Originally published in The Right to Quiet Society Spring 2018 Noise Letter.
Chains of restaurants and retail stores are now offering Quiet Hour. The media says Quiet Hour is for people with autism spectrum disorder. An hour a week with canned or piped-in music turned off. Popping up from country to country. My first thought on hearing about it was why only an hour a week? It doesn’t seem like enough time for people.
Also what about everybody else with quiet communication needs? All the people stressed by noise. All the people who can’t hear or make out what people are saying in places with background noise or music. Or who can’t comfortably tolerate noise from muzak. This large group of people, from babies to seniors, has quiet communication needs. It includes people with conditions and disabilities like:
- hearing loss
- history of brain injury (concussion or head injury)
- cognitive delays or slow cognitive processing (children to elders)
Wheelchair ramps don’t get rolled in for an hour a day. They’re there even when nobody in a wheelchair or scooter needs access. Otherwise, it’s discrimination against people with disabilities. Pedestrian crosswalks have audible signals even when blind people aren’t there. For access all the time, otherwise it’s discrimination against people with disabilities. Autism, hearing loss and cognition problems are classified as functional disabilities. Outside of Quiet Hour, stores, shops, cafés, restaurants and other public spaces playing piped-in music are discriminating against people with these disabilities by blocking quiet access.
- 13% of people have mobility disabilities.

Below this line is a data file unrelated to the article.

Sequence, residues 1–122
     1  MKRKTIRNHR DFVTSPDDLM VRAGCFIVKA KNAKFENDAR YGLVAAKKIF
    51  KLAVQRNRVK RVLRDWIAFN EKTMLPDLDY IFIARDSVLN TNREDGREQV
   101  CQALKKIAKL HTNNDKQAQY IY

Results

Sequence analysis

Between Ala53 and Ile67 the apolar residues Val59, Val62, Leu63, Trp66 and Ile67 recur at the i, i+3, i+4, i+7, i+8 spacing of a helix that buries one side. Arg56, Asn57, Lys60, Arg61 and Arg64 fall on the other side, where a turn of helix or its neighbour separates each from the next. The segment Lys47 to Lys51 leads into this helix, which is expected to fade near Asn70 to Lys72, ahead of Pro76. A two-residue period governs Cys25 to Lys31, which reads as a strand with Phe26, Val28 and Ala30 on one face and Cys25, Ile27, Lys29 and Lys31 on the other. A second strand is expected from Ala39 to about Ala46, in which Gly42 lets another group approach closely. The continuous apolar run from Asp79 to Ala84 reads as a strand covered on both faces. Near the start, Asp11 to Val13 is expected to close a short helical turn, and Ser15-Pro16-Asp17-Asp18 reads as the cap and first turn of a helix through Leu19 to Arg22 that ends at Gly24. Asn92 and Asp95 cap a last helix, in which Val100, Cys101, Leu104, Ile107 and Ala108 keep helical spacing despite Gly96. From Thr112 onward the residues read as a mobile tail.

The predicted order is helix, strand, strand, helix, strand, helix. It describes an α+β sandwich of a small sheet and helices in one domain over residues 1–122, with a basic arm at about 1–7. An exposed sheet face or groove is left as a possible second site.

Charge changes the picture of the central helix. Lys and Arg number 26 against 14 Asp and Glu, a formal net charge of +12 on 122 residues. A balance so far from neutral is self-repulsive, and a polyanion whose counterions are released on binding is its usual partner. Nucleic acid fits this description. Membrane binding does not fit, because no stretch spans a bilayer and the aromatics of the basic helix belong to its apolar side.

- 5% of people have a vision disability.
Quiet Hour Access Provided:
- 1% of people have autism
- Note Quiet Hour is low sensory: music turned off, lights are also dimmed 50%, register and scanner volumes are turned down, PA announcements and collecting shopping carts/trollies are avoided, etc.
Access Not Provided:
- 16% of people have hearing loss.
- 33% of adults over age 65 have hearing loss.
- 10% of people aged 20 and older have tinnitus.
- 7% of people aged 18 and older have hyperacusis.
- 5% of people over age 12 have had a brain injury.
- 12% of people have cognitive functional disability.
I was watching a Frank Sinatra movie from the 1950s. In one scene, he was in a restaurant talking to another character. Something felt wrong about it. Eventually I figured it out. I could understand what they were saying. It was quiet. There was no background music playing inside the restaurant. Just conversation.
Piped-in music hasn’t been around forever. When it arrived, consumers and customers didn’t ask for it. It is purely based on perceived or expected sales. The idea that background music makes consumers buy more. Even though many customers, especially people with quiet communication needs, need a distraction and noise free environment. Financial experts say many retail stores and malls are closing because there aren’t enough customers; they blame millennials who do more shopping on-line. Maybe there aren’t enough customers because the quiet majority of people won’t shop in retail environments with loud muzak.
Pipedown, an international campaign to stop piped-in music that started in the UK, reports that 34% of people don’t like piped background music, 30% like it and the 36% remaining don’t care. They state “there is no genuine evidence to show that such music increases sales by one penny.” In the UK, several retail chains never wasted money on built-in canned music. For the rest, piped-in music is getting turned off. By national bookstores and big retail chains like Marks and Spencer since 2015, Gatwick airport, and financial institutions like building societies aka credit unions. Pipedown is now letter campaigning to get canned music turned off in hospitals and doctor’s surgeries/offices where patient calm and accurate communication are essential.
Companies usually have excuses why noise can’t be stopped. It’s too expensive. It’s too difficult. Those excuses don’t work when it comes to providing quiet access for people with functional hearing and cognitive disabilities. Turn off the piped-in background music. Easy. Free.
People with quiet communication needs, from disabilities like hearing loss, tinnitus and hyperacusis, should always have access to public spaces the same as people with mobility or vision disabilities. Discrimination by stores, restaurants, and other public places playing constant background music should end. Not just for an hour at a time.
Jan L. Mayes
Author, audiologist, educator, quiet activist, playing with words.